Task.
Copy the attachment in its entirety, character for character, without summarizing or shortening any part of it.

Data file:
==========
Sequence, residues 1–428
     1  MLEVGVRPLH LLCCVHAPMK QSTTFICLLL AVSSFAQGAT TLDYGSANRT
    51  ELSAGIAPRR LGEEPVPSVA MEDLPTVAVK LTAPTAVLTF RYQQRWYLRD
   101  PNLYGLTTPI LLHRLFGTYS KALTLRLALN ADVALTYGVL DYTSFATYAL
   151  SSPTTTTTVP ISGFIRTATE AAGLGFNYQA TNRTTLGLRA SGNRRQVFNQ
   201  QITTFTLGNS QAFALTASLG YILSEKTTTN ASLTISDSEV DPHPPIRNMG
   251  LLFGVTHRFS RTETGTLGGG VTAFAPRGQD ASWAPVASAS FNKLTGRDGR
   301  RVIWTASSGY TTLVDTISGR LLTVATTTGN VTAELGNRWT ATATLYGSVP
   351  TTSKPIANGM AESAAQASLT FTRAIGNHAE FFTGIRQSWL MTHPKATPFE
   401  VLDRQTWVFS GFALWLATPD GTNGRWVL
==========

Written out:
Sequence, residues 1–428
     1  MLEVGVRPLH LLCCVHAPMK QSTTFICLLL AVSSFAQGAT TLDYGSANRT
    51  ELSAGIAPRR LGEEPVPSVA MEDLPTVAVK LTAPTAVLTF RYQQRWYLRD
   101  PNLYGLTTPI LLHRLFGTYS KALTLRLALN ADVALTYGVL DYTSFATYAL
   151  SSPTTTTTVP ISGFIRTATE AAGLGFNYQA TNRTTLGLRA SGNRRQVFNQ
   201  QITTFTLGNS QAFALTASLG YILSEKTTTN ASLTISDSEV DPHPPIRNMG
   251  LLFGVTHRFS RTETGTLGGG VTAFAPRGQD ASWAPVASAS FNKLTGRDGR
   301  RVIWTASSGY TTLVDTISGR LLTVATTTGN VTAELGNRWT ATATLYGSVP
   351  TTSKPIANGM AESAAQASLT FTRAIGNHAE FFTGIRQSWL MTHPKATPFE
   401  VLDRQTWVFS GFALWLATPD GTNGRWVL